Aged care peak bodies ACSA and LASA have confirmed that they will merge and hope to provide a unified voice for the aged care sector.
The two major peaks, as part of the Australian Aged Care Collaboration (AACC), recently announced that they had hired KPMG to conduct an investigation into how peaks and providers can best represent the sector and the merger has been announced in anticipation of the final report.
At the time, they hinted that a new representative body would be needed in the future
And with the report due to be handed to their respective boards on December 20, the peaks have now paved the way for one voice in aged care with a statement outlining shared principles.
"The ACSA and LASA Boards have concluded that maintaining the status quo for industry representation and development is not an option," they write.
"We also understand many of our members support this assertion. We therefore intend to work collaboratively with the Church Peaks and the Aged Care Reform Network to develop a new sector representation model which is inclusive of the whole aged care industry.
"We do not believe one voice is achieved by ignoring our differences, but rather by creating a conductor role for any new entity which will coordinate the diverse choir of our various members."
The peaks said that they are now "mobilising staff and resources" having briefed "staff on our shared commitment to work together".
After taking recommendations to their respective boards for a vote, the peaks expect to present "a formal sector representation and development model recommendation to our respective members by March 2022 or shortly thereafter".
LASA chief executive Sean Rooney said that in a post-royal commission and pandemic landscape providers need strong representation.
"With the government embarking on major reform of aged care over the next few years, now, more than ever, the aged care sector needs a unified approach to ensure the voices of the people and organisations who provide care are heard and that they are involved in shaping this transformational change."
ACSA and LASA shared principles and desired outcomes:
1. Represent whole of the aged care sector including residential care, home care packages and Commonwealth Home Support Program (CHSP) services as well as related seniors housing/retirement village programs as required.
2. Advocate for a rich and essential diversity of service providers, especially those who serve vulnerable communities or the needs of specific groups or geographies within the Australian community.
3. Support diversity of specialist services and improved access to mainstream services across Regional, Rural and Remote, Culturally and Linguistic Diverse communities, Aboriginal & Torres Strait Islanders, homeless, etc.
4. Maximise one voice advocacy capacity by setting the aged care agenda proactively and responding effectively to Government Five Pillars reforms.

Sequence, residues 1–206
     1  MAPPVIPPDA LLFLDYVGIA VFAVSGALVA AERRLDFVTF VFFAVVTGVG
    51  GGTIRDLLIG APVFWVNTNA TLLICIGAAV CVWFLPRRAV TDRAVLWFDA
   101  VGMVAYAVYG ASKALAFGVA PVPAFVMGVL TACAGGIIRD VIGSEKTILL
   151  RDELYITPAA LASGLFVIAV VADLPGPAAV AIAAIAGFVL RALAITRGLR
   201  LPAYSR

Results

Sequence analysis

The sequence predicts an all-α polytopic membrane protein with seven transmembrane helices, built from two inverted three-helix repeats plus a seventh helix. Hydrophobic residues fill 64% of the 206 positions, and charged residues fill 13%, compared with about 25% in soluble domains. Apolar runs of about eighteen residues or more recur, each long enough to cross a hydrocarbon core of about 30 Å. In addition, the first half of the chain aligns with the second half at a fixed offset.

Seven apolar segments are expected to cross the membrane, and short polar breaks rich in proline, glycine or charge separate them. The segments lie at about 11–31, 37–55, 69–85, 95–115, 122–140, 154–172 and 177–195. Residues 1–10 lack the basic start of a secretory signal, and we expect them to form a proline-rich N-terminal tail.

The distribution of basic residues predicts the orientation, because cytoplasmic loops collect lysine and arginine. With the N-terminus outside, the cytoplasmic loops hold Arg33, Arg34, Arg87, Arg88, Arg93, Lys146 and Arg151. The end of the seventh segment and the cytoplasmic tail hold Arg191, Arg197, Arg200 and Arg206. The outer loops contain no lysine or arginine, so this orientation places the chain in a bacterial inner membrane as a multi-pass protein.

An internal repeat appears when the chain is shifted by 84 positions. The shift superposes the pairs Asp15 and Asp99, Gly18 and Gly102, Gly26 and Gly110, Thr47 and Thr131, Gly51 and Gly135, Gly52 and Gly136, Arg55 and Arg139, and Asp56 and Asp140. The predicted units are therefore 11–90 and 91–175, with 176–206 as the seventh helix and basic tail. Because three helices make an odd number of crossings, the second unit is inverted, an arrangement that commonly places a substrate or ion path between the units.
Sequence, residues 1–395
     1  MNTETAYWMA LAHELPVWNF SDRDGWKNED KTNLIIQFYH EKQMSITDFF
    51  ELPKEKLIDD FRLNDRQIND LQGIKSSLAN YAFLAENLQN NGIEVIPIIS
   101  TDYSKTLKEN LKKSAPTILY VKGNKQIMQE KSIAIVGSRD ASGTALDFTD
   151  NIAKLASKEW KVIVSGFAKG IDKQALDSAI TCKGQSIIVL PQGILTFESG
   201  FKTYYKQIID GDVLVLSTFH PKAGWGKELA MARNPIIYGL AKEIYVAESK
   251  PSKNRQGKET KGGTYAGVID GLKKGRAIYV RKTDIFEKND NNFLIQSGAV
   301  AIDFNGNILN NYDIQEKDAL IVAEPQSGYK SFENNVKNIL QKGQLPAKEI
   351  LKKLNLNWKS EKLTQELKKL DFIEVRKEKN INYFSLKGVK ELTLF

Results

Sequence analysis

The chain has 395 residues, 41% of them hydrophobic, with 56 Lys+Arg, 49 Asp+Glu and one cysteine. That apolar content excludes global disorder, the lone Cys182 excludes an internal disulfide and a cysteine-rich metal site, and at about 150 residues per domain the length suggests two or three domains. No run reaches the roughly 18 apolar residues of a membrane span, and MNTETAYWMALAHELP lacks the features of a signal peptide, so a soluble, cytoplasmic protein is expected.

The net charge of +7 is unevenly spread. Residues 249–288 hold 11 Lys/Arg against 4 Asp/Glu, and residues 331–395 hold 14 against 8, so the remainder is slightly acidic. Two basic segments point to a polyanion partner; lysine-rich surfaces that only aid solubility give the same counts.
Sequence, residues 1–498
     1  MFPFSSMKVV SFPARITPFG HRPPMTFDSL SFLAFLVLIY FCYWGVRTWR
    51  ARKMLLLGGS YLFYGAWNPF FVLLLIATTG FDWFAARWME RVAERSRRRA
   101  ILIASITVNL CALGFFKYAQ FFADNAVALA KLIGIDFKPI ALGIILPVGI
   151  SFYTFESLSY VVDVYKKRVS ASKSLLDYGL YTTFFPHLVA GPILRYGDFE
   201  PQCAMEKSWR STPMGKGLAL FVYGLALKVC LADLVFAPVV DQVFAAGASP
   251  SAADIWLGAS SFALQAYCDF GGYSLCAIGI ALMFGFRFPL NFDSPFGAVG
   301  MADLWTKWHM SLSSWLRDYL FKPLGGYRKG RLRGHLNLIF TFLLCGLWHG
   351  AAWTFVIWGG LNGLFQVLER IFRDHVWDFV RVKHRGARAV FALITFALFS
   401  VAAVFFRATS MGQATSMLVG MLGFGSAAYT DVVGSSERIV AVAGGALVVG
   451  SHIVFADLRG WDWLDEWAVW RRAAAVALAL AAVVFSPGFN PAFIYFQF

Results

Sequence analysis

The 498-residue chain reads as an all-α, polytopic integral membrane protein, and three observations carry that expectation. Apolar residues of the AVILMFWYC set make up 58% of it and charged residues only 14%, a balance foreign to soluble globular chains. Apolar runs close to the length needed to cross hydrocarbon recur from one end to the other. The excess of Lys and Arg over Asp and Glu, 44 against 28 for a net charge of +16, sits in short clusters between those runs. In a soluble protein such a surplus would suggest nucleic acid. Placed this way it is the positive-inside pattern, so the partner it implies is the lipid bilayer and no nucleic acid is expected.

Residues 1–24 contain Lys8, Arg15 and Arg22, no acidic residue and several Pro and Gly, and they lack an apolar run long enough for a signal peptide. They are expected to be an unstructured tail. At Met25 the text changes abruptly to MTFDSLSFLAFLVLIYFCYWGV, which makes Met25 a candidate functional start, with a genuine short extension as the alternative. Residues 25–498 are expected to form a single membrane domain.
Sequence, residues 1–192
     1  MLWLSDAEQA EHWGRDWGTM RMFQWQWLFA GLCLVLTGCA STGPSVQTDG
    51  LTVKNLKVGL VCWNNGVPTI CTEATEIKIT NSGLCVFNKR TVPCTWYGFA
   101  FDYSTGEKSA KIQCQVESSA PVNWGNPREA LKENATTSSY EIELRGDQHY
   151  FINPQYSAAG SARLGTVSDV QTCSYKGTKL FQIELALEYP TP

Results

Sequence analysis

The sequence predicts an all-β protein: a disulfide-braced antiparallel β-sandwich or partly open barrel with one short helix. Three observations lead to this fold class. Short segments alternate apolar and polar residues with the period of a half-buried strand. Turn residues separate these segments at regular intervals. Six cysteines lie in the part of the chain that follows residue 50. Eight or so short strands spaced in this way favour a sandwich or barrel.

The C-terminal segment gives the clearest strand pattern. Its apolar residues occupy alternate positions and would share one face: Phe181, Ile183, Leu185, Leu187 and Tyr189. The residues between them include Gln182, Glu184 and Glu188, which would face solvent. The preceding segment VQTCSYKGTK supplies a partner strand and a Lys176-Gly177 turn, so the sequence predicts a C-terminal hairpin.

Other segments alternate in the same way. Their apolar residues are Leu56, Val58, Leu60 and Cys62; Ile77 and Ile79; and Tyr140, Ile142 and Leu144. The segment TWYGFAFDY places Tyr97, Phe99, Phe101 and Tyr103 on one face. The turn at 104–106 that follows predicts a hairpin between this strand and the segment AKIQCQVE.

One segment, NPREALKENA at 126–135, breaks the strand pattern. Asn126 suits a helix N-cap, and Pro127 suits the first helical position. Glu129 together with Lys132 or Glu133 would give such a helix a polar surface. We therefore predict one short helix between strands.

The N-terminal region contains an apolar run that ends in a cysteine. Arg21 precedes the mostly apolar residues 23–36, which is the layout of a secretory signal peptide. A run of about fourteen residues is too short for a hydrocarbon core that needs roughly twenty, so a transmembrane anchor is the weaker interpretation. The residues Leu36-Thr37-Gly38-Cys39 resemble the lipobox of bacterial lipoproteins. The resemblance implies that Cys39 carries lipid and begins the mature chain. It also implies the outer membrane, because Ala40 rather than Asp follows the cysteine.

5. Maintain existing and establish new strong relationships with federal, state and territory governments, other provider peaks (eg CHSP, disability, health), consumer peaks, and existing (National Aged Care Alliance) or new sector alliances.
6. Minimise membership fees especially for smaller members through achieving efficiencies, while ensuring effectiveness including by expanding core advocacy and member support and advice capacity (eg through additional research capacity).
7. Provide enhanced member support services such as training, events, consultancy, IR, payroll largely on a pay as you go basis (allowing for member discounts or subsidisation of smaller organisations).
8. Support and fund a structured transition program which allows essential advocacy work via AACC and member support via ACSA & LASA to continue uninterrupted while any new model is established
AACC launches scorecard tracking royal commission progress
Meanwhile, the AACC has launched an Aged Care Reform Scorecard, the first, it says, of a regular look at government progress on aged care reforms.
They found that confidence in government reforms over the last six months is low, with a survey finding that the median respondent was only 30 per cent confident in the success of reform so far and just a quarter of providers were more than 50 per cent confident.
The AACC grouped elements of the Government’s ‘Five Pillars’ reform program into nine outcome areas, rating each under a 'traffic light' system, based on reform performance.
They rated the government's performance in regards to independent pricing and costing of aged care services a 'green' light, signifying confidence in the implementation of reforms, while Workforce and Quality assurance and Improvement were rated 'red light' categories.
ACSA chief executive Paul Sadler said: “The Royal Commission set out an urgent roadmap for reform of the broken aged care system but progress over the past six months has been disappointingly slow.
“Providers have significant concern that the reform process is too slow and lacks transparency. Every day of delay is a missed opportunity to offer someone the best quality of life and care possible as they age."
Following the results of the inaugural scorecard, AACC is calling on the Federal Government for:
- a strategic response to the range of workforce issues
- a consistent flow of information about reform implementation, including timeframes for consultations and progress against milestones, and
- genuine partnering with providers and other stakeholders to work towards a shared vision of high-quality aged care.
Email [email protected]